Egypt: Return to a generals' republic?
- 21 August 2013
- From the section Middle East
The last few weeks have seen violent scenes and several hundred deaths in Egypt following a crackdown on those protesting against the overthrow of democratically elected Islamist president, Mohammed Morsi, by the powerful Egyptian military.
That ousting was itself triggered by widespread protests against Mr Morsi's government, which had come to power following a period of military rule after Hosni Mubarak was forced out of office in 2011.
In this look back at the history and legacy of military rule in Egypt, Middle East expert Dr Omar Ashour argues that the challenges facing the country following the Arab Spring go back to the era of President Nasser and before.
"The coup leader - the hero Mohammed Naguib - gave an example of humility by refusing promotion to the rank of 'lieutenant-general'…This proves that the army does not want power, just the general good," wrote Egypt's renowned historian, Abd al-Rahman al-Rafai, in al-Akhbar newspaper on 1 August 1952.
His statement did not stand the test of time.
By February 1954, the humble general, who acted as Egypt's first president, was removed by younger, more power-hungry officers led by Colonel Gamal Abdul Nasser.
Egypt back then, as it is now, was divided.
One part of the country wanted a parliamentary democracy, a return to constitutionalism, and the army back to its barracks.
Another part of Egypt wanted a strong, unchecked charismatic patron who promised land and bread.
By November 1954, the latter part not only crushed the former, but also destroyed its demands. Basic freedoms and parliamentary constitutionalism were among the casualties.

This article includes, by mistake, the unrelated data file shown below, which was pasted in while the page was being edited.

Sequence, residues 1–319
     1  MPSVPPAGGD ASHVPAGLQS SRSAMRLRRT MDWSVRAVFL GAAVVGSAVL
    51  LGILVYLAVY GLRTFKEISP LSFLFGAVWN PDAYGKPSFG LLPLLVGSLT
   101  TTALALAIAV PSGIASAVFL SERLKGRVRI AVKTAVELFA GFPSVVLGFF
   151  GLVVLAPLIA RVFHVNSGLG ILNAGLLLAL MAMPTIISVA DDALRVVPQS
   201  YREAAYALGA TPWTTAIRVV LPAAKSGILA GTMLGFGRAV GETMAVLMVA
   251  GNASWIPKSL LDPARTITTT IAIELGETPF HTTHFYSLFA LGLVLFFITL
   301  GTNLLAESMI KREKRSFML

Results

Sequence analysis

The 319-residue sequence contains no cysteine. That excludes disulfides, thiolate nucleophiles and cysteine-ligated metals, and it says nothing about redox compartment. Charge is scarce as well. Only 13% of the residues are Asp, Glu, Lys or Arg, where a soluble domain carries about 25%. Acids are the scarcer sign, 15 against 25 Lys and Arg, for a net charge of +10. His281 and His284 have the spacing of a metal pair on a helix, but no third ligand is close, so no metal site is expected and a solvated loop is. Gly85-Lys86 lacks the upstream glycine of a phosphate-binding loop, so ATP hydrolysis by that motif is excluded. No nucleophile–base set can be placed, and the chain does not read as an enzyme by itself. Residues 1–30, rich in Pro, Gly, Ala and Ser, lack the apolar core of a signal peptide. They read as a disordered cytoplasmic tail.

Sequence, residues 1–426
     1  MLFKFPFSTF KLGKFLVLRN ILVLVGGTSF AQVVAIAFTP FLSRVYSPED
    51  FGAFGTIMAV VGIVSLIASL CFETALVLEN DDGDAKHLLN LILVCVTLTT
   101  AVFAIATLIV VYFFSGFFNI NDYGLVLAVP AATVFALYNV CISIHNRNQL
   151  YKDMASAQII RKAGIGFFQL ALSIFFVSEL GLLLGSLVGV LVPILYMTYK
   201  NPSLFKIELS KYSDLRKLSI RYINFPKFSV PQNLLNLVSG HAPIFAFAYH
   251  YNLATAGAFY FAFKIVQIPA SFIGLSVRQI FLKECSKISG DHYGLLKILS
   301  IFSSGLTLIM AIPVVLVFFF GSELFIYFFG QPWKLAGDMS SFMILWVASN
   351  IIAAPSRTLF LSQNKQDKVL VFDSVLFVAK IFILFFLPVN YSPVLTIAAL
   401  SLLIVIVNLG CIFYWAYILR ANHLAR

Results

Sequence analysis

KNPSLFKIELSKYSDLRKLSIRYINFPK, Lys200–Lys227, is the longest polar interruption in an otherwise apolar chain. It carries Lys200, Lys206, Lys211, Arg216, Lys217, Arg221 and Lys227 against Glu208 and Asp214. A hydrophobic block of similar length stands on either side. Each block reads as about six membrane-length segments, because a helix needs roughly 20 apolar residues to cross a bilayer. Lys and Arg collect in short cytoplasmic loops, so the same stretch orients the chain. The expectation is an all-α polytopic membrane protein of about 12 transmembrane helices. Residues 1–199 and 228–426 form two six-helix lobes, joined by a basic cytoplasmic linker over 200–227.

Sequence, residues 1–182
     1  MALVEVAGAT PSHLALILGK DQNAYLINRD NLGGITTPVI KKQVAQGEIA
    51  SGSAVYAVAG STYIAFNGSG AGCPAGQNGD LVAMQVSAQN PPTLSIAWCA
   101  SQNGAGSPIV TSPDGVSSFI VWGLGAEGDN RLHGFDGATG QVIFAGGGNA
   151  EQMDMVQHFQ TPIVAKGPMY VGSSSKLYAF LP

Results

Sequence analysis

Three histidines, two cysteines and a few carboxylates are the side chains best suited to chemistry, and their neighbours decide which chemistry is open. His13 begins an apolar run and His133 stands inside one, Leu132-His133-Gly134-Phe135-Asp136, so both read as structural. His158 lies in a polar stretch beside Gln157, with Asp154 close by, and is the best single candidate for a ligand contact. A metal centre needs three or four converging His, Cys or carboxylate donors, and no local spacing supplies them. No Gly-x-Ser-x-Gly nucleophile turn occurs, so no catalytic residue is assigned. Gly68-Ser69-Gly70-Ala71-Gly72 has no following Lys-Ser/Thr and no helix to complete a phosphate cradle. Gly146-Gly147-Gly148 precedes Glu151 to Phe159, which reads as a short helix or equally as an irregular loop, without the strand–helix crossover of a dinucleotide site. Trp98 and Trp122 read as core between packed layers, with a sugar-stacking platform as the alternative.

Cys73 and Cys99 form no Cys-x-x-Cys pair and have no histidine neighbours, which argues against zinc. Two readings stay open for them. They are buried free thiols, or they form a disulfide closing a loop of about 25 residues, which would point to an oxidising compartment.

Nasser did deliver on some of his promises, including land confiscation and redistribution, and confronting the United Kingdom, the former colonial power, in 1956.
But the cost was the establishment of an officers' republic: a state where the armed institutions are above any other, including the elected ones.
What do Egypt's generals want?
The January 2011 revolution challenged that 1954 status quo in many ways.
The revolutionaries did clash with a 21st Century junta: the Supreme Council of the Armed Forces (Scaf).
The Scaf was a politically conservative, unconstitutional body that ruled Egypt between February 2011 and June 2012.
At the very least, security sector reform, democratic control of the armed forces, military and police oversight by civilian institutions, accountability to elected civilians, and budgetary transparency of the army were all radical, alien concepts for it. At worst, these concepts were threatening taboos and therefore should be eliminated or rendered meaningless.
After the removal of Mubarak in February 2011, the Scaf had a minimum of three demands it insisted on: a veto in high politics, independence for the army's budget and economic empire, and legal immunity from prosecution on charges stemming from corruption or repression.
It also wanted constitutional prerogatives to guarantee those arrangements.
These demands were reflected in a July 2012 constitutional addendum that gave the Scaf the prerogatives of the first post-revolution parliament, dissolved by Scaf's decision number 350 on 30 June 2012 (following a constitutional court verdict that part of the parliament's electoral law was unconstitutional).
This decision vested all legislative powers in the Scaf only days before Egypt's first elected civilian president was scheduled to take office in July 2012.
The independent military-economic empire, which benefits from preferential customs and exchange rates, tax exemption, land ownership and confiscation rights (without paying the treasury) and an army of almost-free labourers (conscripted soldiers), is a source of much military influence and thus another thorny issue for any elected civilian.
A black hole in the suffering Egyptian economy, post-revolution elected politicians might well seek to improve conditions by moving against the military's civilian assets and imposing oversight.
But in March 2012, a loud public warning was declared by General Mahmoud Nasr, a member of the Scaf in charge of financial affairs: "This is our sweat and we will fight for it….we will never allow anyone near the projects of the armed forces."
What do Egypt's generals fear?